Whether you want a little more control what’s in your soap or just want to find colorants you can use in your soap without having to worry about lots of added chemicals, we’ve found some of the best natural soap colorants for melt-and-pour soap kits.
Can I Use These in Cold-Processed Soap?
You can try!
However, all of the recommended products here are ones that are known to hold up in melt-and-pour bases.
Natural colorants don’t hold up as well in cold-processed soaps and often fade or drastically change into muddy-looking colors. Mica powders can hold up a little better (but still change quite a bit). Natural colorants like herbal powders just don’t hold up to lye at all.
With cold processed soap, it’s often better to fill in grooves you’ve made in the soap or paint on the surface of your finished soap bars. You can also create stains that create colorful tints if you want to keep most of its natural color.
Since melt-and-pour kits have technically already been made and are considered (mostly) stable, it’s easy to get the color to look right.
They do still have to be able to hold up to light heat, but you don’t have to worry about chemical changes that tend to muddy your colors.
Clay is one of my personal favorites to work with—what you see is what you get.
These tend to be more neutral/earthy colors, featuring lots of shades of brown, red, yellow, with a few clay powders that look lighter green or cream-colored.
While they’re not typically vibrant, they’re great for making soaps with rich, warm hues.
On top of that, certain clay powders can also benefit your skin, providing a little extra support for your skin in addition to great colors.
(While it isn’t clay, I’ve also included activated charcoal here, as it makes a great addition to soap—both for color and cleansing benefits!)
Naturally-colored mica powder can be a little tricky to find (and no colored mica is 100% “natural”), but it offers the widest array of colors. It doesn’t change as drastically as herbal and other plant-based colorants, making it the most appealing choice for a natural soap colorant.
Most “cosmetic-grade” mica powders are synthetic, sometimes referred to as synthetic mica or fluorphlogopite mica.
It’s created to mimic natural mica, but it’s more “pure,” meets FDA safety requirements, and addresses some of the child labor issues commonly associated with naturally-obtained mica.
It also doesn’t have the yellow tint that natural mica usually has.
As for colored mica, it’s typically synthetic mica colored with natural additives, usually minerals. Even “beneficial” minerals used to color mica typically aren’t added in large enough amounts to have any sort of impact on your skin—beneficial or not.
So how do you make sure your mica is safe?
The easiest way is to just do a little research on the company. Most companies have manufacturing information available on their site, including their source and the ingredients they use to color their mica powders.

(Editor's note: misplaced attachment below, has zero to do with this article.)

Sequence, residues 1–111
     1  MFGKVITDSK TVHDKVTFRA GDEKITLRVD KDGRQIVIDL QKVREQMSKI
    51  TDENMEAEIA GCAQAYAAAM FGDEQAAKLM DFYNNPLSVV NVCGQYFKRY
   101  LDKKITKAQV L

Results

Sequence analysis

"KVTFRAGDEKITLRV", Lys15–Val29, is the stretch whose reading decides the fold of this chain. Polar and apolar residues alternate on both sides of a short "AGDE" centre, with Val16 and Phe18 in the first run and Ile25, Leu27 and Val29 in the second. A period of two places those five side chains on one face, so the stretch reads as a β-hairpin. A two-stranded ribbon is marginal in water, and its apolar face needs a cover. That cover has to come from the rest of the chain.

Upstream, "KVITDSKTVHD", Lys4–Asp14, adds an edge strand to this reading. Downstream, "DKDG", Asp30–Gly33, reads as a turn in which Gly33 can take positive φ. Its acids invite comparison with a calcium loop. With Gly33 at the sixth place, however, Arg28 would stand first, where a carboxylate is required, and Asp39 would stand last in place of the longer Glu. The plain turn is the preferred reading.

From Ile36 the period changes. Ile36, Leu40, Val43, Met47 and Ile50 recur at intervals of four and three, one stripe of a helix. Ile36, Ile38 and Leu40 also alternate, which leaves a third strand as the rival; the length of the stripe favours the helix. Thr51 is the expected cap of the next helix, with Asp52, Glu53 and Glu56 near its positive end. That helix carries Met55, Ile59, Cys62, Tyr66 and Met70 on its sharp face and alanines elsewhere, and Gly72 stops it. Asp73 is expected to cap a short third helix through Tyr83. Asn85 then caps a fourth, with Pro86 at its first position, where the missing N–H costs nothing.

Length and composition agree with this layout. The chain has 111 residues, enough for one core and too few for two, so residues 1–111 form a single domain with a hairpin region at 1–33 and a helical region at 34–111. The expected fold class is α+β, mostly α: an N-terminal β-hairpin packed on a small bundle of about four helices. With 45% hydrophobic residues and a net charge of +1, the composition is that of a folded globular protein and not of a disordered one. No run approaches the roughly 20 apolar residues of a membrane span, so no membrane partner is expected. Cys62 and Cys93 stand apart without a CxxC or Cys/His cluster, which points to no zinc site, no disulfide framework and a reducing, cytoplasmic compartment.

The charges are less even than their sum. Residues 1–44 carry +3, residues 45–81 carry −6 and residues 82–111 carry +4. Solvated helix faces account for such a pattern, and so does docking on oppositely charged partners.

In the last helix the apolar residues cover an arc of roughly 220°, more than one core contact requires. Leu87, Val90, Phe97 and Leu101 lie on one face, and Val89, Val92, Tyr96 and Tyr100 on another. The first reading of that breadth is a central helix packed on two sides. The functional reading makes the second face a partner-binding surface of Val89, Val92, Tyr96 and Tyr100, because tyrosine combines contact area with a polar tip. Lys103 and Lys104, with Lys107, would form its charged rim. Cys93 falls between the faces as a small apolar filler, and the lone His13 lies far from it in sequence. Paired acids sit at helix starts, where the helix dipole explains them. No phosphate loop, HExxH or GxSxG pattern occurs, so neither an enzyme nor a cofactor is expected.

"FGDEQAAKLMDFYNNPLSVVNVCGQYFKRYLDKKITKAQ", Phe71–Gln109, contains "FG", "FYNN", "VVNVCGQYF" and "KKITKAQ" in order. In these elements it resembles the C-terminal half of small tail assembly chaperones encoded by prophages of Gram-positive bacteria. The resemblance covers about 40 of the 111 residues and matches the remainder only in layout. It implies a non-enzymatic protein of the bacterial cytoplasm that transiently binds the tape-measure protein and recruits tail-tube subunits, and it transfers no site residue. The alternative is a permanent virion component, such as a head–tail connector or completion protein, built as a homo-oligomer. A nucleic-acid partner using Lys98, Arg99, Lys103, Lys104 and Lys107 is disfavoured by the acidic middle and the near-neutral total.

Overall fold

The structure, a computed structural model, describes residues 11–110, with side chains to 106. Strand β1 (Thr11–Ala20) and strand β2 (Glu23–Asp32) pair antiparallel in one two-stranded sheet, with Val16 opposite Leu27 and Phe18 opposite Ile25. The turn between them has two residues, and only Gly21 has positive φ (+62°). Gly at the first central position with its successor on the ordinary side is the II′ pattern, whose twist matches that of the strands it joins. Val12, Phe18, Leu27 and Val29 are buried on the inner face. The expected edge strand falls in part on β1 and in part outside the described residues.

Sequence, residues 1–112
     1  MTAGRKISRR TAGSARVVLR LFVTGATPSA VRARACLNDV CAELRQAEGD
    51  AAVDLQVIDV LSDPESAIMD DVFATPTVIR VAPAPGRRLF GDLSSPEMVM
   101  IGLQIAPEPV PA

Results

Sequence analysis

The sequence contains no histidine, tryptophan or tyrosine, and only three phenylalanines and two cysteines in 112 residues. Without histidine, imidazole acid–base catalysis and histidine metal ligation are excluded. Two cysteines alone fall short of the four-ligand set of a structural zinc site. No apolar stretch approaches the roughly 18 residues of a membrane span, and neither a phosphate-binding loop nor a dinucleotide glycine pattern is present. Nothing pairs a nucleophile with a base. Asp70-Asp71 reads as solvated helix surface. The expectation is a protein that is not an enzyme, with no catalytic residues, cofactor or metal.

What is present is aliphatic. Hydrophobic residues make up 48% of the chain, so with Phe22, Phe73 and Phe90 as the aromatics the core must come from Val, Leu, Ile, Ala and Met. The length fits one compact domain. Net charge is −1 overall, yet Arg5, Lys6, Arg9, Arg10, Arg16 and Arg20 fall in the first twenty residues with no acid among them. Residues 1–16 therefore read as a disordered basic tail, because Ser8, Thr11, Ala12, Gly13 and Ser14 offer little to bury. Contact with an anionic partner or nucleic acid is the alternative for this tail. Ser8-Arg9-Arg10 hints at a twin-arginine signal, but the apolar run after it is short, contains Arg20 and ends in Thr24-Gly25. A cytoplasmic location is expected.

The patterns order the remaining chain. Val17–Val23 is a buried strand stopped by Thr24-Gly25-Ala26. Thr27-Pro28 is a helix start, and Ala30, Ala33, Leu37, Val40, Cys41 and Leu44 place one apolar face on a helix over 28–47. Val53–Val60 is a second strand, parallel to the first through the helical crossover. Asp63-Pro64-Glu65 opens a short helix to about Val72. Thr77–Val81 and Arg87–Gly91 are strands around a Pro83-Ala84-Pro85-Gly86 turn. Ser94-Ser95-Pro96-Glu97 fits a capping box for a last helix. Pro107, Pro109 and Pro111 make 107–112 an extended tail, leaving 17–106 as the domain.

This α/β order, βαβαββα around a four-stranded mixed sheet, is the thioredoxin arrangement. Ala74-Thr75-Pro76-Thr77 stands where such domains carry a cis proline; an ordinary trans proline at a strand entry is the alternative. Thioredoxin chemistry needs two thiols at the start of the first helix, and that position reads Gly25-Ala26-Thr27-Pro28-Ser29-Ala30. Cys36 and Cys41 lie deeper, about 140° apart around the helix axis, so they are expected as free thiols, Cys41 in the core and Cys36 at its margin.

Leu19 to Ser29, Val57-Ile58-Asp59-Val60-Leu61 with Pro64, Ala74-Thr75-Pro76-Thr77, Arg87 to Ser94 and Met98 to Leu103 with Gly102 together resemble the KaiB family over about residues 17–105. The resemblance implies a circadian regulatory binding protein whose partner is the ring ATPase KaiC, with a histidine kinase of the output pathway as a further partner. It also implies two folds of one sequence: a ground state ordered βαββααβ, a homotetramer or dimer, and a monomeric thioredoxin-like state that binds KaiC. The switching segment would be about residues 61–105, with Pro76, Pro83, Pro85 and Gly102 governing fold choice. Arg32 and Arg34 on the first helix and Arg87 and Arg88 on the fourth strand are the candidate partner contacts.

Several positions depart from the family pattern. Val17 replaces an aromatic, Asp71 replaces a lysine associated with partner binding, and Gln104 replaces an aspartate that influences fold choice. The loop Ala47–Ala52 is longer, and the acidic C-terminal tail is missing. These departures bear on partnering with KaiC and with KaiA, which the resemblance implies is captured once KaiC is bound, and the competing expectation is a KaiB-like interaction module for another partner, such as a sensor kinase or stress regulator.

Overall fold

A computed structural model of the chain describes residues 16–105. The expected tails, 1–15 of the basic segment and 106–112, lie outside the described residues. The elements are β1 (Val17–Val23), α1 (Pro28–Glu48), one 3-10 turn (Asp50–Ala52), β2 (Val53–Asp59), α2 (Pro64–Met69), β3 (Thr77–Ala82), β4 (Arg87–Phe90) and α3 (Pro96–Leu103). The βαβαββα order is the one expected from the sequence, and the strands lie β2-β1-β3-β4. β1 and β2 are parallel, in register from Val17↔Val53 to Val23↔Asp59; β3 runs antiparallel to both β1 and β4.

If you can’t find it on the manufacturer’s website, reach out to the seller! They’ll often have a contact or someone you can reach out to for more information.
Natural Colorant Powders
Natural colorants can be a little tricky to work with, but they do result in some beautiful colors!
Plant powders like spirulina get a beautiful deep, blue-green color that sometimes fades into a brighter green. And it’s never the same, often resulting in interesting blue-green patterns and swirls throughout your soap.
While some can soap makers might want to stick to more stable colorants, plant-based powders offer a unique appearance to each bar of soap.
You can achieve some consistency by always adding in powders at the same temperatures and under the same conditions, but the variations are neat to see.
Here are just a few powders you might want to consider for your next melt-and-pour project.
Things like spirulina, a blue-green algae often thought of as a superfood, make a really pretty soap. It’s super dark, meaning you can use it too make a pretty wide range of shades, ranging from a matcha-like green to deep blue-green, almost black.
Green powders like alfalfa, plantain leaf, and peppermint leaf powder have a nice, lighter green. (And peppermint smells really nice in a soap!)
Floral and Other Powders
Floral powders offer the widest variety of colors when compared to other natural colorants, but they also tend to be the most inconsistent. (Especially brighter colors—if you introduce them at too high a heat, they can fade and muddy a bit, losing a lot of their natural color.)
Most brightly colored powders tend to lose a bit of color in the processing, but things like hibiscus, rose, beet, cranberry, and butterfly pea flowers tend to hold up well. Their stunning colors come across nicely in a bar of soap.
Looking for more information on soap making? Check out our guide on the best soap making kits if you’re looking for suggestions on some great soap bases and other materials.
Share this with a friend who would love to join you in a little soap-making fun!